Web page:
While coming up with answers there is kind of a risk reward element to the game. For every round it should be pretty easy to come up with an answer that uses two or three of the cards. If you want to be a little riskier though you could start to stretch and use cards that only slightly pertain to an answer. You could get more points by stretching it a little but you are going to have to do a good job explaining why the cards apply to the answer and you risk losing points that you otherwise would have received.

While It Fits has a decent amount of skill to it, luck still plays a pretty big role in how well you can do in the game. The key to each round is the card that each player gets that they must use for their answer. If this card works well with the other cards you can score quite a few points in a round. If it doesn’t work well with the other cards though you will not do well in a given round. This is annoying since you could come up with a great answer that uses all of the cards on the gameboard but if it doesn’t work with the card in your hand you can’t use it. I actually think a variant where players just use the cards on the gameboard would be an interesting idea for the game which would eliminate most of the luck from the game.

The scoring in It Fits could use some tweaking because it is not explained that well in the rules. You score a point for every card you end up using in a round and you lose a point for every card that you don’t use. The instructions aren’t that descriptive in this area though. If you read the rule literally and you lose points for every single card you don’t use, you are going to make no progress in the game. You would need to use at least four of the cards in a round just to move forward one space. If you use less than four cards you will lose spaces. You are probably going to use three to four cards for most rounds so if you follow the rules in this manner you would be hard pressed to make any progress.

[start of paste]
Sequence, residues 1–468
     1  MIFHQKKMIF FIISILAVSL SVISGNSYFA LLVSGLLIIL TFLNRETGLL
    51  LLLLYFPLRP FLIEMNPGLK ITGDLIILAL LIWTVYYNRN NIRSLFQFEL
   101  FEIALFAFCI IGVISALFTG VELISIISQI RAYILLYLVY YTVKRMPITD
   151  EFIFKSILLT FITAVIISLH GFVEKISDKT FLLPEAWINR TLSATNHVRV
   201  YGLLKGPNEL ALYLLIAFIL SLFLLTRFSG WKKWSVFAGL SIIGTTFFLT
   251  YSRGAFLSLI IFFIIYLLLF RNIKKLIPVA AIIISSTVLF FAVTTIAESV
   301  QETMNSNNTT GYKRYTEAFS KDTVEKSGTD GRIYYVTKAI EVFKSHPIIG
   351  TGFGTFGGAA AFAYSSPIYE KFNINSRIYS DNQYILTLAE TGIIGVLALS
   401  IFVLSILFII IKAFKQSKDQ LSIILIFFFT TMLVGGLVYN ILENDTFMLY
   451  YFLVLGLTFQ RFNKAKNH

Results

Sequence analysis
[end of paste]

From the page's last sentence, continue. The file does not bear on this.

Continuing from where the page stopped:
My group ended up playing the game where you would gain one space for each card used and lose one space for each card that you claimed fit your answer but was denied by the group. I think this is a better rule since it makes it much easier to make progress in the game. It is just too hard to consistently use at least four of the cards in a round to make progress. The cards just don’t work well enough together in order to use more than four cards except for in rare occasions. Interpreting the rule in this way also provides a risk reward element where players could take a risk by using a card that doesn’t apply that well. If they can sell the group on the idea they can get more spaces but they could just as easily lose points.

I also don’t like the idea behind the bonus points. They don’t seem to add anything to the game other than more luck. Only one player can score the bonus points each round which makes them unfair in my opinion. While players switch off rounds being the dealer, the number that is rolled for the bonus points makes a pretty big difference in whether a player will actually be able to score the points. If you roll a five or six you are going to have a slim chance of getting the bonus points. On the other hand if you roll a low number you have a great chance at getting the bonus point(s). You are probably best off rolling a two to four since they are achievable but also give you a noticeable number of bonus points. I honestly think I would just ignore the bonus points altogether.

For people that are space conscious they are probably going to hate the case for It Fits. I like the idea of making the case look like the words It Fits but it creates an issue when trying to store the game. The box is such an awkward shape that it is going to be hard to stack along with other board games. Other than the awkward box, the game’s components are solid but unspectacular. The components are what you would expect from one of these type of games. While I would have preferred more cards, the game has enough cards. The game has 250 cards which should be enough for quite some time. You will encounter repeat cards since you are going to use around ten cards each round. You are unlikely going to get the cards in the same combinations so the game will not repeat itself too often. It should be pretty easy to make your own cards as well if you would ever get tired of the cards that originally came with the game.

Final Verdict

Overall It Fits is a solid but unspectacular party game. I had fun with the game since it has an interesting concept. For a party game it actually makes you think. It doesn’t really do anything special though that I haven’t seen done in other games. The scoring system could use some work and the game does rely too much on luck at times.

If you like these type of party games I think you would like It Fits and I would pick it up if you can find it for cheap. If you don’t generally like these type of games though I would probably recommend passing on It Fits.

If you would like to purchase It Fits you can purchase it on Amazon here.